Title:
Borehole indicating apparatus
United States Patent 2380520
Abstract:
The present invention relates to an apparatus for transmitting signals to the surface from an instrument capable of detecting, observing or measuring the nature of the phenomena occurring in a borehole or the nature and characteristics of the formation traversed by said borehole, and pertains...


Inventors:
Hassler, Gerald L.
Application Number:
US52811744A
Publication Date:
07/31/1945
Filing Date:
03/25/1944
Assignee:
Shell, Dev
Primary Class:
Other Classes:
33/312, 73/152.16, 175/50, 175/93, 324/323, 367/82
International Classes:
E21B47/18
View Patent Images:
Description:

The present invention relates to an apparatus for transmitting signals to the surface from an instrument capable of detecting, observing or measuring the nature of the phenomena occurring in a borehole or the nature and characteristics of the formation traversed by said borehole, and pertains more particularly to apparatus for transmitting continuously a signal or a series of signals or vibrations through equipment or material in the borehole, such as the mud fluid, drill pipe or the like.

The present application is a division of my copending application Serial No. 440,405, filed April 24, 1942, now Patent No. 2,352,833.

Various instruments have been proposed for measuring various properties in a borehole, but these devices and methods are open to various objections. Since, when using self-contained recording instruments, there is considerable delay before the record is available to the driller, it has been proposed to use electrical conductors, sometimes together with synchronous motors, such as "Selsyn" motors and the like, to indicate immediately at the surface the measurements taken by the instrument. Due to the high cost of multiwire insulated cables and their limitations with regard to their use in deep boreholes, such systems in many cases cannot be economically employed.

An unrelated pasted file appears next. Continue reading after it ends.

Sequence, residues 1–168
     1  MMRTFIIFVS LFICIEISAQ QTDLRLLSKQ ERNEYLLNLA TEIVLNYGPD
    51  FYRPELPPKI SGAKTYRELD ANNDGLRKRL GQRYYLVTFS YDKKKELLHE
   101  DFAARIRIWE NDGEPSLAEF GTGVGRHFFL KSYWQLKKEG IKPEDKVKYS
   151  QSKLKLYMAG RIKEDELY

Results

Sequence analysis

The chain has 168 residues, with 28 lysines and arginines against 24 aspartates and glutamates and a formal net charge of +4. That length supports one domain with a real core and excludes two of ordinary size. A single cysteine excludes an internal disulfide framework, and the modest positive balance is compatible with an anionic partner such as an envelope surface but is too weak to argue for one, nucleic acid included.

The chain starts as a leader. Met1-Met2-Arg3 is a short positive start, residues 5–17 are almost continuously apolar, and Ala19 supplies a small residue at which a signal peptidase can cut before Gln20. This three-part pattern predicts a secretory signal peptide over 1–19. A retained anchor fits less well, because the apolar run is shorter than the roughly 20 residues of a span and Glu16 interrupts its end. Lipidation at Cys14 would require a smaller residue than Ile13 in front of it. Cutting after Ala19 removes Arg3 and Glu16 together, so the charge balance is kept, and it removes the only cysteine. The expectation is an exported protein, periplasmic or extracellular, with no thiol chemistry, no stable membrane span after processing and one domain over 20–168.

It is therefore an object of the present invention to provide a system for continuously indicating at the surface desired characteristics in a borehole without the necessity of using electrical cables or other directly-connecting means.

It is another object to provide a system comprising means to detect or measure a desired characteristic or feature in the borehole, means responsive to said measurements to transmit vibrations through the mud fluid or along the drill stem to the surface, and detecting and indicating 4 means at the surface.

It is another object of this invention to provide an apparatus for transmitting to the surface decipherable signals responsive to the drilling variables such as of weight on the drill bit, rota- 4 tional rate of the bit, bottom hole temperature and pressure, etc., whereby the driller may adjust said variables to their optimum values.